Novel stem cell approach restores motor function in Parkinson’s Disease

In a remarkable approach to combatting neurodegeneration using stem cells, Florey researchers have achieved preclinical evidence that stem cells grafts can restore motor function in animals with Parkinson’s Disease.

Led by Professor Clare Parish, Head of The Florey’s stem cell and neurodevelopment laboratory, the team investigated whether the combined use of stem cells and gene therapy could repair the brain in Parkinson’s disease. Their first-of-its-kind research unearthed incredible results.

“By transplanting human stem cells into the brain along with viral delivery of a growth-promoting protein called GDNF, we were able to restore motor function in animal models of Parkinson’s disease,” explained Professor Parish.

Professor Clare Parish, Head of The Florey’s Stem cell and neurodevelopment laboratory

In Parkinson’s, the progressive loss of dopamine neurons in the brain gives rise to the weakening motor function. The use of stem cell-derived dopamine transplants in Parkinson’s disease is not a new concept but one that has presented researchers with significant challenges. Transplanted dopamine cells have been found to survive poorly and fail to adequately integrate or ‘knit’ into the brain.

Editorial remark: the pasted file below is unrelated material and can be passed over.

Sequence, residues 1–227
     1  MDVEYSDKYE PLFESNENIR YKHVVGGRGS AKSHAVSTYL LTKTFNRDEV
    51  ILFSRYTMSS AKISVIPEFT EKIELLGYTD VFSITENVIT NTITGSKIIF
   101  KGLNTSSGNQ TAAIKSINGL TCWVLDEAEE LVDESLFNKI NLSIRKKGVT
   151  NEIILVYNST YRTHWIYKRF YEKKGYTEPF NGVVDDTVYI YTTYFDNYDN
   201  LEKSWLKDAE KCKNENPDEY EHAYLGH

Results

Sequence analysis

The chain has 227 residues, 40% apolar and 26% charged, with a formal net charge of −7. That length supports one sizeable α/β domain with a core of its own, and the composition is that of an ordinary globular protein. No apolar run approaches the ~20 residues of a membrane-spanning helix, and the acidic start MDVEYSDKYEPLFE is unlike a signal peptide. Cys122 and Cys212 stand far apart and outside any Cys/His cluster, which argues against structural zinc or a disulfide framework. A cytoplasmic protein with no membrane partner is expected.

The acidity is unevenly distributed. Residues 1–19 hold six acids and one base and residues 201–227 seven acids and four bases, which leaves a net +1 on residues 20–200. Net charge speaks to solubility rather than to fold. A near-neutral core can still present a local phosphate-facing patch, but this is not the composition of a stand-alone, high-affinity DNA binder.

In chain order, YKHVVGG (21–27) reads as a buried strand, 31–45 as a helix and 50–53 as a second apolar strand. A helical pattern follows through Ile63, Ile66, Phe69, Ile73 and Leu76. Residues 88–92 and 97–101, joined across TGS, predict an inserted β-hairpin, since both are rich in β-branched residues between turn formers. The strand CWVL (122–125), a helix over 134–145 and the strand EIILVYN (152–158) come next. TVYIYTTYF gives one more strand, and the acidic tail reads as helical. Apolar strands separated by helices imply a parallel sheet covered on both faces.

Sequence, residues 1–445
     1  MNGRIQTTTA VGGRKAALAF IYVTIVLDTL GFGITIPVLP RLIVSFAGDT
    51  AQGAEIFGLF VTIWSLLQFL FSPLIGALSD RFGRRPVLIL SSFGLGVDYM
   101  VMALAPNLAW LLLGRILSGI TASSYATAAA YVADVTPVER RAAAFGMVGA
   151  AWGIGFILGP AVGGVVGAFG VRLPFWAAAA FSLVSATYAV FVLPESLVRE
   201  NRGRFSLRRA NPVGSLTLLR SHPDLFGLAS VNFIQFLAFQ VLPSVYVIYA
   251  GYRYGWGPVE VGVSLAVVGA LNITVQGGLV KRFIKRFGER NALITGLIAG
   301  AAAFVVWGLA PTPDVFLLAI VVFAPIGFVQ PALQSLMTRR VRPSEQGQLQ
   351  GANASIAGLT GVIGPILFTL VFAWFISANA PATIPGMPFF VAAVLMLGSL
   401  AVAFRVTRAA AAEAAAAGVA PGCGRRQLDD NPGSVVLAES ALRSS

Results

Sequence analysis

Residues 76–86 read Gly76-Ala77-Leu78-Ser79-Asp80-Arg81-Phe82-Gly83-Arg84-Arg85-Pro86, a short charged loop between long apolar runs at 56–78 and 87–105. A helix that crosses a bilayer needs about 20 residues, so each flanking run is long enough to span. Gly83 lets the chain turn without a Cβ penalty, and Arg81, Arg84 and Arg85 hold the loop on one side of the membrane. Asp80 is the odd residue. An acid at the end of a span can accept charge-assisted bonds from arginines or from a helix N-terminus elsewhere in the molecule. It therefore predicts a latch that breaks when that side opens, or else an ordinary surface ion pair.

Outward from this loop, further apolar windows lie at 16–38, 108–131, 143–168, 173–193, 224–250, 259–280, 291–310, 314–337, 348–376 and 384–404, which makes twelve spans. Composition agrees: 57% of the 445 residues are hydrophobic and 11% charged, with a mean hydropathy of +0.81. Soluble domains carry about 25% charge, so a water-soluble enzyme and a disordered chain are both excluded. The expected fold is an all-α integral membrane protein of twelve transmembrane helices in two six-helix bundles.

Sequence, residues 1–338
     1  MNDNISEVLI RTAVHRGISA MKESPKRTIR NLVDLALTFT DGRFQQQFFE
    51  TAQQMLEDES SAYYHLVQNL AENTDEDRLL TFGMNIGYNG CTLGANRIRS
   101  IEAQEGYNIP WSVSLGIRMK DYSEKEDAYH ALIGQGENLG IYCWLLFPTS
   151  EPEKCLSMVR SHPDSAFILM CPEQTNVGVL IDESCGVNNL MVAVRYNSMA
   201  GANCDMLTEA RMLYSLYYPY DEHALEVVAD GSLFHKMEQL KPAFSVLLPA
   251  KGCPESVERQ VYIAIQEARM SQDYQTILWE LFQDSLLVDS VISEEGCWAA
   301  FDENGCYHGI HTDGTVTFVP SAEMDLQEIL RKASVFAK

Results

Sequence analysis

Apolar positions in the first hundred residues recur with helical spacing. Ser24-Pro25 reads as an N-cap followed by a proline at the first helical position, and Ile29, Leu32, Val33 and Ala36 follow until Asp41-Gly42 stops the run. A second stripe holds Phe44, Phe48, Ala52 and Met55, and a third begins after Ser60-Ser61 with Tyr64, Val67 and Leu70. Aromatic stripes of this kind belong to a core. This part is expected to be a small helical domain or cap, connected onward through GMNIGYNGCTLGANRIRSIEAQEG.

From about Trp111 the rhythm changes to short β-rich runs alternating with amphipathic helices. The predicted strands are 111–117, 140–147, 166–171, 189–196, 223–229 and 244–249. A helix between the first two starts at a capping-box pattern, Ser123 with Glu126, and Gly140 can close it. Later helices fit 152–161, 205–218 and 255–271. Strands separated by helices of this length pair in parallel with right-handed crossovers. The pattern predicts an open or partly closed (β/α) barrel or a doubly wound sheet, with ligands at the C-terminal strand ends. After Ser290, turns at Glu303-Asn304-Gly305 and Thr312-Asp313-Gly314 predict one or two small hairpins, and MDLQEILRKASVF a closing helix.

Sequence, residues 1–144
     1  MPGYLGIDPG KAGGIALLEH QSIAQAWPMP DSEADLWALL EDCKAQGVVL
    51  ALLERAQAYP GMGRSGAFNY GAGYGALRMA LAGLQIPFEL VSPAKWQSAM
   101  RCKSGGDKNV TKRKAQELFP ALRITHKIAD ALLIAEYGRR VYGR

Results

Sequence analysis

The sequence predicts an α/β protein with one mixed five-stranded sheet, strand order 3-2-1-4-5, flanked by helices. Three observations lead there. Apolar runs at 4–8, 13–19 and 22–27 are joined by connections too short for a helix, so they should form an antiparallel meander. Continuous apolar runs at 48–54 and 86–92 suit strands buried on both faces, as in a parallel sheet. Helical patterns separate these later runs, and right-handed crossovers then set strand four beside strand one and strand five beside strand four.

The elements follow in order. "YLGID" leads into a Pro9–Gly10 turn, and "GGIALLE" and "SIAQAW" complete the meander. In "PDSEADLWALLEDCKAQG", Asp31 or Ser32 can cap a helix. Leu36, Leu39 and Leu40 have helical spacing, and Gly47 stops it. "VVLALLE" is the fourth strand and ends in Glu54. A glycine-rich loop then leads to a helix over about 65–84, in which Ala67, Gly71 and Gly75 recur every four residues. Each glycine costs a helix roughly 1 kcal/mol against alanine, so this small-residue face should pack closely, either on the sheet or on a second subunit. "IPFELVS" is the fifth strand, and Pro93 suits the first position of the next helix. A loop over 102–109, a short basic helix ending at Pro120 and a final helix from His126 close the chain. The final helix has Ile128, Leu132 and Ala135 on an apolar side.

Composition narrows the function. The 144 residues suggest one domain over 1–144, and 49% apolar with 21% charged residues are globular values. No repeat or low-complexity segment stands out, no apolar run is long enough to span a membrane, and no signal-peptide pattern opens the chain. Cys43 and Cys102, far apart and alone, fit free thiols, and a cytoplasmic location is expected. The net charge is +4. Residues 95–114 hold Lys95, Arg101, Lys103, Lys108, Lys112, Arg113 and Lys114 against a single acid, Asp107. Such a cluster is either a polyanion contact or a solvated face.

The novel technique developed by Parish and her team could change that. Results of their study demonstrate increased survival, maturity and integration of transplanted dopamine cells, ultimately leading to an improvement in motor function.

“We now hope to advance this stem cell approach to clinical trials in the coming years,” added Parish.

Delivery of GDNF increased survival of dopamine cells (brown staining) within transplanted grafts

The research has been published in Cell Stem Cell (DOI: 10.1016/j.stem.2020.01.010) and showcased on the journal cover. Click to access the full research paper here.

The research of Professor Parish and team made the cover of the esteemed journal Cell Stem Cell

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